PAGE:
Friday 1 October 2010

Time travelling in Magdalen Street

I’m exploring Magdalen Street’s history with our brilliant Blue Badge guide Rod Spokes. He’s explaining why it has been such an important part of the city for well over a thousand years.

Lots of people are reminded of Notting Hill when they visit the street, but you’ll find the same eclectic mix of shops and small businesses in the poorer districts of any major city. There’s a lot more to Magdalen Street than that.

With Rod to guide me, I begin to see Magdalen Street for what it is: the most important thoroughfare in Norwich-over-the-water. (This is Morant's street map of 1873.) Until the 1960s this was a completely self-contained medieval quarter, full of workshops and factories. For centuries much of the industry that made Norwich fabulously wealthy was concentrated in this area and you can still see clues today. Beneath the veneer of the modern shops, the street’s character is much closer to districts like Santa Croce, the leatherworking area of Florence, than any industrial British city. That’s because this city was the biggest industrial centre in England in medieval times – much earlier than the industrial revolution, which passed it by.

We begin our journey at Fye Bridge, where we set our clocks for Roman times. Rod shows me the strategic importance of the area: this is the main north-south Roman road, connecting to King Street and onwards to the Roman town Venta Icenorum (Caister St Edmunds). Stepping forward a century or so, the Saxons constructed fortifications here, where they forded the Wensum. Then the Vikings – Fishergate fish wharf; Cowgate, where cows grazed in the watermeadows at the end of that street.

We walk slowly along Magdalen Street, into medieval times now. The street plan is still there, where later the Strangers and other migrants and refugees settled, with densely packed courts and alleys such as Twinemakers – a long alley for stretching out ropes. And moving on in time, there are the houses of wealthy Tudor merchants, with massive wooden doors concealing private courts.

Now we are in Georgian times. Perhaps the loveliest building in the street is Gurney Court, which you can see through a wrought iron gate not far from St Saviours. Elizabeth Fry, the Quaker prison reformer, was born here and it’s where her father set up Gurneys Bank - later it merged with Barclays. And perhaps the saddest sight is number 44, almost opposite. Once it must have been the finest house in the street; now it’s slowly rotting away.

Fast forward to the start of the twentieth century, when there were fifty food and drink shops in the street – now there are only nine; and twenty pubs – today just three. A saddler, a blacksmith, a basket-maker, a cabinet-maker and countless other trades kept Magdalen Street self-sufficient.

We’re travelling faster through time now. We’re looking at traces of the spectacular makeover of the street in 1959, which will be shown on Chapelfield’s Big Screen tomorrow – admired and copied nationally, it won the first Civic Trust award for regeneration. This photo shows Barclays Bank at Stump Cross. Botolph Street forks to the left, Magdalen Street to the right.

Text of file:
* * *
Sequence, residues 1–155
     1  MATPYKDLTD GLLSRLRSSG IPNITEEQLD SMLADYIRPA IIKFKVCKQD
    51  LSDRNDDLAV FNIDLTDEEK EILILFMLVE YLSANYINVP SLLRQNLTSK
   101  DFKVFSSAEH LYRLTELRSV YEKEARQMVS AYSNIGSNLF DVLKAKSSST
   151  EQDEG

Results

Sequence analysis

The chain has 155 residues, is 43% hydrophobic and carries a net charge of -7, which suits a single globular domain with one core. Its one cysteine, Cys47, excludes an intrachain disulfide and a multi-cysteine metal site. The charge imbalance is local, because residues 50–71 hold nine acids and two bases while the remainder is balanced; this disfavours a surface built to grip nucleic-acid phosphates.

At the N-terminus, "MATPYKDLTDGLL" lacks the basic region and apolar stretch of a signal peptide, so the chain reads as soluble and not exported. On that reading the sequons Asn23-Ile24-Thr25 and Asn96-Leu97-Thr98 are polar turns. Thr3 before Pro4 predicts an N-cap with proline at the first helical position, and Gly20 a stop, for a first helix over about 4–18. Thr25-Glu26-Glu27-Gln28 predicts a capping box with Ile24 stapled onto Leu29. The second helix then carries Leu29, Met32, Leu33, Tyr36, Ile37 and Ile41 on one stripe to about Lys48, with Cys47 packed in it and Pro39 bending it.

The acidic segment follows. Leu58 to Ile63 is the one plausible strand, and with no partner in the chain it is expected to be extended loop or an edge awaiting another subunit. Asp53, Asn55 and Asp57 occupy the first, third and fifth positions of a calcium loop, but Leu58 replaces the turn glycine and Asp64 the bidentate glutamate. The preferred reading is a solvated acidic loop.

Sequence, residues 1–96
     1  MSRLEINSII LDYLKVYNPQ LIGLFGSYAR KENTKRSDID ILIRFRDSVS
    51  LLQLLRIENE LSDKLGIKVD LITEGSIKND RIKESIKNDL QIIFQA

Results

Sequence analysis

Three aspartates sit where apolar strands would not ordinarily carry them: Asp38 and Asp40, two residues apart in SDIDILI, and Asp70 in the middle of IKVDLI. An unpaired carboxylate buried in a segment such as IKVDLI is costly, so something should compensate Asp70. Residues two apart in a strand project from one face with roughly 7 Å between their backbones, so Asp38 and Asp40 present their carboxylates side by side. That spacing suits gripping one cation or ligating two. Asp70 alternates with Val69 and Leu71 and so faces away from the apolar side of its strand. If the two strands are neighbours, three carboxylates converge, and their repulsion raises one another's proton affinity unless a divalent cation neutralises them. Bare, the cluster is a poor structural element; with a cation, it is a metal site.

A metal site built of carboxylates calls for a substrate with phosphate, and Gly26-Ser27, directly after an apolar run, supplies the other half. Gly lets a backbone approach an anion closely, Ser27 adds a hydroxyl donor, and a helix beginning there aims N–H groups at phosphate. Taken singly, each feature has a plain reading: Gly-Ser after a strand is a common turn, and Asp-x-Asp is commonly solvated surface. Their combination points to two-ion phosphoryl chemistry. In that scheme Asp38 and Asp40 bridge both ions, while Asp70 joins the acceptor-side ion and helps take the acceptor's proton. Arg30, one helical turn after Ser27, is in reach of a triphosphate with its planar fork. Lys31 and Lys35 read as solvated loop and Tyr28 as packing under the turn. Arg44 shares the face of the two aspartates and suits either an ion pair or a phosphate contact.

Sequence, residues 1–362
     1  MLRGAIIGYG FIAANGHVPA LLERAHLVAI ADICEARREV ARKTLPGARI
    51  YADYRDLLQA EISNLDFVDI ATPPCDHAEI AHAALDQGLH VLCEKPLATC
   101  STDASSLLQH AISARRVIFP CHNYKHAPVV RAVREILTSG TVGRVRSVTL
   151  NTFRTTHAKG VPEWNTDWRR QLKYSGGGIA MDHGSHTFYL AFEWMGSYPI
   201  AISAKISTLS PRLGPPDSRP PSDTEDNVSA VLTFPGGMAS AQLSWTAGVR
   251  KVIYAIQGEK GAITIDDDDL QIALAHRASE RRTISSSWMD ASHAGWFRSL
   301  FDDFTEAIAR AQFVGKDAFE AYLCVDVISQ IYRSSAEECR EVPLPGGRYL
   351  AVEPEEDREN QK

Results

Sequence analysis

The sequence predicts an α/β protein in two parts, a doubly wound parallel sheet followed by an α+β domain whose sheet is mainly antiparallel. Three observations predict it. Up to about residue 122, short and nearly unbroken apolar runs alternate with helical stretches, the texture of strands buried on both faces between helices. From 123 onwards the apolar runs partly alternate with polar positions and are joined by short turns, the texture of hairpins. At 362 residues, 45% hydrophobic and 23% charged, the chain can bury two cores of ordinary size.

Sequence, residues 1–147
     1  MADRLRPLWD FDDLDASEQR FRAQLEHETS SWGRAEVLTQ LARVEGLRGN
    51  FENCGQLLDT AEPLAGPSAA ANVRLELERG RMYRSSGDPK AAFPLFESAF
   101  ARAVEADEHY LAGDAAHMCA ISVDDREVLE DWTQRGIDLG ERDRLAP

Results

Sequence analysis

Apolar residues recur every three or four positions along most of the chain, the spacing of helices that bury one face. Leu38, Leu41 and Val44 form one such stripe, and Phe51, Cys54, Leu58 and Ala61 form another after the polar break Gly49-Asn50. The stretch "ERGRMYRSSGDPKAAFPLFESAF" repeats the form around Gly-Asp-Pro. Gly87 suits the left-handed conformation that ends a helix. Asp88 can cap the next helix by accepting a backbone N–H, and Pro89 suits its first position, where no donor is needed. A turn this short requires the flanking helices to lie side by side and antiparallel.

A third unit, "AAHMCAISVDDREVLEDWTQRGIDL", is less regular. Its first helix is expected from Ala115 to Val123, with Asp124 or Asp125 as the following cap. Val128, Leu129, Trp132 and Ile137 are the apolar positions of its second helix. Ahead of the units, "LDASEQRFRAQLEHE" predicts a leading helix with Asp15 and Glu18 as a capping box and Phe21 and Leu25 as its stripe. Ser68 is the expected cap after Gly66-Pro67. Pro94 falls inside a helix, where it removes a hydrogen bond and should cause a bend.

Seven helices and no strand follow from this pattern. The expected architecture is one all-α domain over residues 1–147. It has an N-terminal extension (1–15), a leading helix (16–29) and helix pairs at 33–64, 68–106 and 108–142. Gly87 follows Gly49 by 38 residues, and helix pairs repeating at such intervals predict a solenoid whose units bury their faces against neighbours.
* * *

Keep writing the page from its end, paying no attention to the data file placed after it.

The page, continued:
We come to an abrupt halt in front of the worst disaster to afflict Magdalen Street: the flyover and Anglia Square, which at one stroke cut off the northern stretch of the street and destroyed the cohesion of Norwich-over-the-water. (If you look closely you can still see the ghost of Stump Cross in Roy Ruggles’ office facing the flyover.)

You might think that Magdalen Street was finished after that, all washed up, no future. But something extraordinary is happening. The street is buzzing with renewed energy; new shops and businesses are springing up; artisans are making things in new workshops. And people still walk through Anglia Square as if the ancient streets had not been lost beneath its foundations. If the new scheme goes ahead, the square will be transformed into a public space that’s right for the local community and Norwich-over-the-water will come together again.

The most important part of this transition is the people – the local community, some of whose families have lived here for centuries, some of whom are migrants, passing through and some of whom are putting down roots in a new country – just as the Strangers did in Tudor times. And what we’re doing with our celebration is to be part of that community.

It’s been a long journey through time, but it’s not the end. Tomorrow’s celebration marks the beginning of something new. We’re celebrating Magdalen Street’s future – we hope you’ll join us.

Photographs by the late George Plunkett, by kind permission of Jonathan Plunkett: Silver Jubilee 1935, showing Looses and other shops; Stump Cross 1959


  1. A lovely journey through time Jane. Let's hope the transformation continues and the regeneration of Anglia Square delivers for the future of the area :)

  2. enjoyed reading about Magdalen Street, thanks for the information. I am an immigrant from Hertfordshire, I have lived in the area for almost 13 years and recently have started taking photos of interesting and unusual things I find on my walks I am now inspired to do some research into some of the places I have come across

  3. I'm wondering which house is number 44? I wonder perhaps if it might be mine (mine doesn't actually have a number), or then again it might be the obviously once very grand house that is now just a frontage to the hideous office block Sackville Place? If number 44 is my house then check out the Gothic House website and you'll see it's not rotting away!